High-tech keys are a pain

The dream used to be to get a computer to fit into a single room. Today, a more powerful device is actually small enough to fall into the crack between the front seat and the console of your car. I guess that’s progress.

Today’s telephone slides into your pocket and also surfs the Internet and has satellite navigation. Compare that with the old-style crank phone, or how about the entire phone booth.

The up side — and the hope — of all new technology is that it’s more compact. Who designs new stuff that’s bigger than what it’s replacing, unless you’re talking about jumbo jets or the new driver sitting in your golf bag?

Rechargeable batteries are smaller than they used to be and last longer, and your iPod holds your entire music collection that used to take up 20 milk crates in your cramped university dorm quarters.

But then there’s the car key. It’s … bigger … bulkier … it’s not even really a key, per se. It’s what’s called a “fob.” It’s a remote control with buttons and it contains electronics to let your car know that you’re nearby so that when you lift the handle, you can get in … without a traditional key or lock. The fob will even allow the car to be started without it ever having to come in contact with any part of the car: It just needs to be on you somewhere.

Coupled with the “start” button that also takes the place of the twist of a key, that means fewer moving parts — or no moving parts at all — that can wear out. The fob does much more than the old-style key, so one could forgive its additional size and weight.

Unfortunately, this new technology is the kind that has to interact with human beings such as myself. I already spend too much time looking for my car keys. It’s usually a frantic ritual that takes place exactly when I need to be out the door and driving down the road.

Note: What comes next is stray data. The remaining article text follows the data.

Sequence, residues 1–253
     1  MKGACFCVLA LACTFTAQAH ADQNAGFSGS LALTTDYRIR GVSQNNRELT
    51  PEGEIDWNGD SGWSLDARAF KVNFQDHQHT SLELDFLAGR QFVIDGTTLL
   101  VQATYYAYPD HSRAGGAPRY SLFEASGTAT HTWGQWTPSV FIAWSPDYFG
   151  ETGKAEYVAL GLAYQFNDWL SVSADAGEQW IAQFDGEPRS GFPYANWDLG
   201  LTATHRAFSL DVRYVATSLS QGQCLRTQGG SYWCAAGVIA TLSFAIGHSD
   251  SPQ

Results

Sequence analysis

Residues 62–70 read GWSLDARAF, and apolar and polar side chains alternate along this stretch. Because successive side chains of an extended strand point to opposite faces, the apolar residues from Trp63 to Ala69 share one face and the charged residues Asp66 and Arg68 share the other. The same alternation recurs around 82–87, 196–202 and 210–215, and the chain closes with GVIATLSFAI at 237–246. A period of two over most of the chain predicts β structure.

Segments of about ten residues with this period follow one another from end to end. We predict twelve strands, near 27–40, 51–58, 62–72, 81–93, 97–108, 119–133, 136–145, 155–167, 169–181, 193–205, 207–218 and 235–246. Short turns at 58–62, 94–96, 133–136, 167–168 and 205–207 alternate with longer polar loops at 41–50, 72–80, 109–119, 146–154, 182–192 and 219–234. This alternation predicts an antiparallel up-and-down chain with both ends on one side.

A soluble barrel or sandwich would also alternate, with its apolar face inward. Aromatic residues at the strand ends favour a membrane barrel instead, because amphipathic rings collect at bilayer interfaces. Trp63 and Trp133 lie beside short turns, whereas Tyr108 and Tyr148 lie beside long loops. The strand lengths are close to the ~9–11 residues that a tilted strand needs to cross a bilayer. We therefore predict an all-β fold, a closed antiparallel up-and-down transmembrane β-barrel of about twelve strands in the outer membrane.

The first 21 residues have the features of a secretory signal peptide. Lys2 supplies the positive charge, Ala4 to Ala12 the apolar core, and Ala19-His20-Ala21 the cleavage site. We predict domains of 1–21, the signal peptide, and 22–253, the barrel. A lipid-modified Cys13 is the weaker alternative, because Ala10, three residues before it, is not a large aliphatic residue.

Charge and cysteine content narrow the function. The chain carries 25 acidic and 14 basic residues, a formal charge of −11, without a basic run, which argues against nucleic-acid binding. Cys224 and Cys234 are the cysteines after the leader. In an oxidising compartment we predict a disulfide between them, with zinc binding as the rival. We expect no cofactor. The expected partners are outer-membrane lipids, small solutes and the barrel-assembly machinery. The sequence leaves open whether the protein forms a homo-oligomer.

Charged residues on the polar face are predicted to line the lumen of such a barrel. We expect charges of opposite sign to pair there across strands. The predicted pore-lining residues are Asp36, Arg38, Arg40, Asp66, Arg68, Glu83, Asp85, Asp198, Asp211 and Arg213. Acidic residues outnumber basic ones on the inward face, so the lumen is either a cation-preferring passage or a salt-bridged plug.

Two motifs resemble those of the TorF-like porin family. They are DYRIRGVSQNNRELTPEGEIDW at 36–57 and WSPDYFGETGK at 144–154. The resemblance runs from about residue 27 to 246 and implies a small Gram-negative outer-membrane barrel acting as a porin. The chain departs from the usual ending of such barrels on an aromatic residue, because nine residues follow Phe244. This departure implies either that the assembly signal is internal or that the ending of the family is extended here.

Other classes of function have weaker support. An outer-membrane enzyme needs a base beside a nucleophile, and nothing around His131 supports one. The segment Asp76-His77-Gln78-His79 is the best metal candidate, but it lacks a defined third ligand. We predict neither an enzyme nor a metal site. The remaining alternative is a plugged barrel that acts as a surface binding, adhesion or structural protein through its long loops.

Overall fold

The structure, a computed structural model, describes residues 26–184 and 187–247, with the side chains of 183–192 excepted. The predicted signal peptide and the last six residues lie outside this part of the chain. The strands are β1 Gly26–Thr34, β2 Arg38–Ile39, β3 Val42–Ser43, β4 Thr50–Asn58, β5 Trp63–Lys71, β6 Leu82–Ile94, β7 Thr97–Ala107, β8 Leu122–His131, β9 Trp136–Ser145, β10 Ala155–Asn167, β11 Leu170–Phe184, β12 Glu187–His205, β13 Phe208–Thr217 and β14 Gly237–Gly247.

Sure, but what I really don’t like is that now, once I have found the keys, I’ll lose them again inside the very vehicle I’m driving, while I’m driving.

Since the modern car doesn’t require the fob to actually come in contact with any part of the car like the old-time key used to do, it ends up in my purse, or jacket pocket, the console, jammed between the front seats or maybe even under the seats. At least when the old-style metallic key was stuck in the column, you knew where it was for your entire trip: either in the car, or lost. Now, it could be lost no matter what.

The other day, after stopping for gas, I couldn’t locate the fob. Did I leave it on the desk where I signed the Visa slip? Maybe I left it in the bathroom. Did I check the top of the gas pump? Rather than do all that looking, I simply tried to start the car. If it starts up, I know the key is somewhere close by and I can localize my search.

I have to say, it’s really frustrating. The fob is really too large to attach to the rest of my keys, so it’s a separate do-dad that apparently has a wandering mind all its own.

Yes, fob technology is important for preventing theft since there’s no physical point (the ignition) for would-be crooks to mess with, but I was kind of hoping that new technology might actually do away with any type of key I could lose at the worst possible time and not actually make the key-loss problem even more of a problem.

I thought about tying it to my purse since I usually don’t travel without it, but there are times where I just need to unlock the car to get the milk — that I also forgot about — out of the cargo area. I don’t need both the purse and the key for that chore and, as many of you out there might also do, I change purses depending on the occasion. More than once I’ve gone dashing out of the house only to yank on the handle of the car and have it snap back in protest as if to say, “Look, goof, for the 100th time, you need the key fob to get in.” Search the purse, frisk myself in the driveway and then run back into the house to hunt for the fob, which was actually in the bathroom where I left it.

Good gravy, there must be a better way. Could the fob be embedded into my wallet? How about my laptop? I always know where that is and, honestly, I don’t leave home without it. The perfect solution might be to embed the fob circuitry into my cell phone. Great idea, but where did I put the cell phone? Maybe we should go back to the key. When I drove, at least I knew where it was.

Rhonda Wheeler is a journalist with Wheelbase Media, a worldwide supplier of automotive news, features and reviews. You can e-mail her by logging on to www.wheelbase.ws/media and clicking the contact link.

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